This would be like Joe Biden criticizing a Republican for using straw men in his speeches. How hard it is it to refrain from throwing stones when your house is obviously glassier than the other guy’s?
Here’s Hugh Hewitt asking Pence about Obama referring to Trump as a “demagogue” on Wednesday night. Pence’s distaste for name-calling in politics isn’t new: He wrote about it in 1993, describing it as the hallmark of a political “crank.” Twenty-three years later, he’s Trump’s right-hand man.
HH: So you dismiss the demagogue?
MP: But I’ve found him to be, well, you know, I don’t think name calling has any place in public life, and I thought that was unfortunate that the president of the United States would use a term like that, let alone laced into a sentence like that. But I just don’t see it. I see, I think what I have found in Donald Trump is this is a man of enormous accomplishment, obviously someone who has achieved great things in his life. But he’s really got a heart for the American people, and I think it comes from the fact that he’s a builder. You know, like me, he’s the grandson of an immigrant. He’s the son of a self-made man. And he built on his father’s success far and beyond anything that his family could imagine. And yet he’s done that shoulder to shoulder with the people that lay the bricks, and that, you know, that cut the 2 X 4’s and build those structures up. And to see him among the people, not just on the campaign trail, that’s exciting to be out and to see the enthusiasm that Americans of every stripe and every background have for this good man, but to see him as I have among the people who work with him and work for him, to see their respect for his high standard, but their fondness for him, convinces me this good man is going to be a great president of the United States.
That’s as good an answer as you can give on Trump’s behalf. Hypocrite or not, the guy’s a pro. Although I’m struck by him referring to Trump more than once as “this good man,” something he’s done repeatedly since joining the ticket a few weeks ago. With any other nominee that would be pure boilerplate but one of the things that makes Trump’s success fascinating is that “goodness” seems besides the point. If anything, it’s his lack of concern with “goodness” that inspires his fans’ confidence in him: Trump’s not going to let any politically correct ideas about what’s “good” and what’s “evil” impede him from doing what’s right for America. Analyses involving Nietzsche are doomed to seem overwrought but there really is something to the idea that Trump succeeds because he cares more about strength and victory than he does about right and wrong. That’s not an entirely bad trait in a political leader — within limits — but it makes “goodness” as germane to his candidacy as, say, Obama’s political experience was to his circa 2008. If you thought O’s fans cared about that, you were missing the entire point of the phenomenon; if anything, it was his lack of experience that convinced them he’d be effective. Same with Trump and “goodness.” I wonder if Pence senses all of that and is trying to make the hard sell here to evangelicals or if, through sheer force of repetition, he’s trying to persuade himself.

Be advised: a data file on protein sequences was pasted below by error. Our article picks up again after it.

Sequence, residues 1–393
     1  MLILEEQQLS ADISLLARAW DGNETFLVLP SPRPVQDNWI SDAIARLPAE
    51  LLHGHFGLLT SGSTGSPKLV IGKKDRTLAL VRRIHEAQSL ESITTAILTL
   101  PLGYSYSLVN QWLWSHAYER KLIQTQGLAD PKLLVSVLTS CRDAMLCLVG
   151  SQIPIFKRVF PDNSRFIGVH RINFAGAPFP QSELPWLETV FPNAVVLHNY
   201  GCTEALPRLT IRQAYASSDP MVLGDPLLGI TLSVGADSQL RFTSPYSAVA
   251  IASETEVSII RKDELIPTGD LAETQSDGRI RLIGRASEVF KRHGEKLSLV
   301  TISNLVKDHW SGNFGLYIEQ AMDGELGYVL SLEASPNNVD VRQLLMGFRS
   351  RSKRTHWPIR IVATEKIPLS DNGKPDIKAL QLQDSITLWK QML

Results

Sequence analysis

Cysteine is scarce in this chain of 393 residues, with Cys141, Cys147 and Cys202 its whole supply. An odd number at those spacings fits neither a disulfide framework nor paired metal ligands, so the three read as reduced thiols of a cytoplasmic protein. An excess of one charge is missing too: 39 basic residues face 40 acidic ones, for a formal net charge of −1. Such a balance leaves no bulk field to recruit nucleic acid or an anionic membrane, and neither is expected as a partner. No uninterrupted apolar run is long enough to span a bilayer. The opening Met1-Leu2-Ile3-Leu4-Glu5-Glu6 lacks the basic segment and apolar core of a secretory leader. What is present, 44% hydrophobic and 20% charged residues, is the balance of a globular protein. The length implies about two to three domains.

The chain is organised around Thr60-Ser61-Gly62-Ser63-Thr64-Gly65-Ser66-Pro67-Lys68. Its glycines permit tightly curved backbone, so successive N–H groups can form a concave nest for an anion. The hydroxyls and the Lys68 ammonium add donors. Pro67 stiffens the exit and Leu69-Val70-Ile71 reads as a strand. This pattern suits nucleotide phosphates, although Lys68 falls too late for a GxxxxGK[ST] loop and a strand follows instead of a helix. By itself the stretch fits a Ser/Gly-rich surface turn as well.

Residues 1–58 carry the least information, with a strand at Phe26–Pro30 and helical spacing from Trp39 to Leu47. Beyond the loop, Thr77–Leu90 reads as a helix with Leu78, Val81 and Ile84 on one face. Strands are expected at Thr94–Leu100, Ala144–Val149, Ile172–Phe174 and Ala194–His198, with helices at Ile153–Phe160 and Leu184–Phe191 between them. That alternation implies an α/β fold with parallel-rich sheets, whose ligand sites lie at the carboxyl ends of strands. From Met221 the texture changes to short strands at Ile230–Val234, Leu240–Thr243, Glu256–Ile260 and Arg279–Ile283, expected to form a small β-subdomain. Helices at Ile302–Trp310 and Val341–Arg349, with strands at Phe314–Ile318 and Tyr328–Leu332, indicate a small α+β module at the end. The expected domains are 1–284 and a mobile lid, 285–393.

By the way, Pence isn’t the only Republican throwing stones at Trump’s enemies from the porch of his glass house in the last 24 hours. If you can believe it, the RNC issued this press release last night when Doug Elmets, a #NeverTrump Republican, spoke in favor of Hillary at the Democratic convention:
Doug Elmet Claims He’s A Republican For Clinton, But He Has Given A Number Of Campaign Contributions To Democrats Over The Last 12 Years
Donating to Democrats is the hallmark of a phony Republican, is it?
Elmets gave a grand total of $2,200 to various Democratic candidates over the years. The Republican nominee, who used to be a Democrat and is now backed to the hilt by the RNC, gave more than that to Sen. Hillary Clinton alone. Given how exposed Trump is on this score, why would the RNC attack Elmets this way? Is it self-sabotage by RNC staffers, knowing the backlash they’d get for chiding other Republicans about their heretical donations? Or is it collective brain damage?